Marketing for Nonprofits – A Small List of Big Deal Items

By Amy Janzen, SARC Communications Coordinator

Marketing for Your Nonprofit Organiztion: Why Should Do It

If you’re running a nonprofit, you likely have a lot going on beyond marketing your organization. Perhaps you find it daunting to tackle all the things that other organizations are doing. Maybe you’re doing some things to promote your organization but aren’t sure how to make sure they work together as part of an overall strategy. Or, perhaps you simply don’t have the time.

Although marketing indeed takes time and there are multiple things that any organization can do to improve their presence, here is just a small list of some big deal items to help you out.   

How to Create Quality Content That Readers Will Stick Around For        

When developing content for your organization, it’s important to understand that not all content has to hold the essence of a 2,000-word essay, ensuring that no detail is missed. While it’s true that information is king, there can also be too much. Did you know that most readers will abandon an article after around 200-400 words? That’s not a lot of time to get across every piece of information that you might feel compelled to include. But, don’t be discouraged! Rather than including every relevant detail in a blog or long Facebook post, consider releasing the information in small, concise increments. Still with me? Let me explain.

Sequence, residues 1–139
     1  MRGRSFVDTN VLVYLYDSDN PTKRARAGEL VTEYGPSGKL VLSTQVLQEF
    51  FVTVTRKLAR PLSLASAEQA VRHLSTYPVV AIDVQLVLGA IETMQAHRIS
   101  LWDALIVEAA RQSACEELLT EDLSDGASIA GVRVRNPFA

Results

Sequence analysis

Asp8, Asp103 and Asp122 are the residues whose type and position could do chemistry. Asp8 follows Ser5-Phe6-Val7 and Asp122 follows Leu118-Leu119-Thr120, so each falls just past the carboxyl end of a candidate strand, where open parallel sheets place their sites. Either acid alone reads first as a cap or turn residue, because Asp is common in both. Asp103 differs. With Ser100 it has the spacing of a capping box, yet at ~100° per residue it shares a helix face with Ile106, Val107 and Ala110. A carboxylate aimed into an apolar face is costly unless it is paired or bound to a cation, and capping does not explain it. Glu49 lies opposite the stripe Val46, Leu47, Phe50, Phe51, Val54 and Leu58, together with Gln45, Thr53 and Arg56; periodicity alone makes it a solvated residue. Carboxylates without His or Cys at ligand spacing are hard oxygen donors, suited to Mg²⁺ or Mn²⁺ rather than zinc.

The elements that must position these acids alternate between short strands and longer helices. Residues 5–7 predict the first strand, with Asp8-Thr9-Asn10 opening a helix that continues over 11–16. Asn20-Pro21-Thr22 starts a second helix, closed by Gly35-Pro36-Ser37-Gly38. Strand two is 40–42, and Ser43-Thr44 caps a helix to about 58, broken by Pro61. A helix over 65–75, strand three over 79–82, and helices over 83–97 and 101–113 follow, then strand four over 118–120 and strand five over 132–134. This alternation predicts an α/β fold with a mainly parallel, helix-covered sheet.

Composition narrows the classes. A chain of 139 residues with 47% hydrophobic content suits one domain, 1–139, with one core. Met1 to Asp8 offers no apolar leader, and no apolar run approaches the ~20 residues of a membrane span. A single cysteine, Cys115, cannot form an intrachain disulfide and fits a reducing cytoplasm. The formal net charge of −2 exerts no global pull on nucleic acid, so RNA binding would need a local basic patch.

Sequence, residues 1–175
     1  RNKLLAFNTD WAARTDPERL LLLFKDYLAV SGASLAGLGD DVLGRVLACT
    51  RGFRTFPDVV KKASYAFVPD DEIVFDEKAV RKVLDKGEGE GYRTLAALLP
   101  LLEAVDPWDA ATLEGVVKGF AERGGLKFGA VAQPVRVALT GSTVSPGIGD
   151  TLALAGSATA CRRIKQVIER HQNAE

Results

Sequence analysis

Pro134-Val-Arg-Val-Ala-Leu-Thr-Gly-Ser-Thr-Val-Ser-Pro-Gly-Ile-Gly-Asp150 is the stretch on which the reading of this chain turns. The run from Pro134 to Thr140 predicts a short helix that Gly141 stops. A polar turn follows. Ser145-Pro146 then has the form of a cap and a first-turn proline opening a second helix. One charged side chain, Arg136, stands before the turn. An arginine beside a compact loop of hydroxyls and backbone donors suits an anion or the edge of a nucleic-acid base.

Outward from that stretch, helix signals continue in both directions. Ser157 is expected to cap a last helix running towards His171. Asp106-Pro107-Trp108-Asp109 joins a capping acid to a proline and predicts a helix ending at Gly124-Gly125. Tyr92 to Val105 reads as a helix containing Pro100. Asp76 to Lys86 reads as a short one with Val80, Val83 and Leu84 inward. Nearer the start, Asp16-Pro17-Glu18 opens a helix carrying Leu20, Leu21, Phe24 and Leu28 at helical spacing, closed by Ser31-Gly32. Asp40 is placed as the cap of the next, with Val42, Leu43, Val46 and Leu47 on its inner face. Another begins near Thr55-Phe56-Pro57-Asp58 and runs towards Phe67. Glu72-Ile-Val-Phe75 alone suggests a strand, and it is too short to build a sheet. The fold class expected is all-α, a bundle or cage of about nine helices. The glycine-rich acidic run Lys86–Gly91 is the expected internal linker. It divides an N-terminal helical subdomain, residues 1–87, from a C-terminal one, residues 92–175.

Maybe you need to provide some information to your audience or to various audiences about an upcoming event. First, you’ll need to identify who this message is for and how they best engage with your organization. If you answered, ‘I don’t know, that’s why I’m reading this blog’, then by all means, keep reading. You likely have different audiences; maybe one audience is the people supported through your organization, another might be people seeking support, a third could be members of the community, and fourth might be government officials and local representatives. That’s a lot of people, i.e., that’s a lot of messaging for so many different groups, especially if they’re going to stop reading after 200 words (for reference, I’m at 358 words right now). Feel discouraged? Don’t be! What you can and should do is identify which audience you want to target with each message. That could mean creating a flyer for community members or to display at your organization. Perhaps a personalized email or mail-out letter for your MLA or local government representatives. Or maybe you want to include some details in an online newsletter that could reach all the above. Lastly, you could (and should) place information about the event on your Facebook page or other social media sites for anyone on social media to interact with.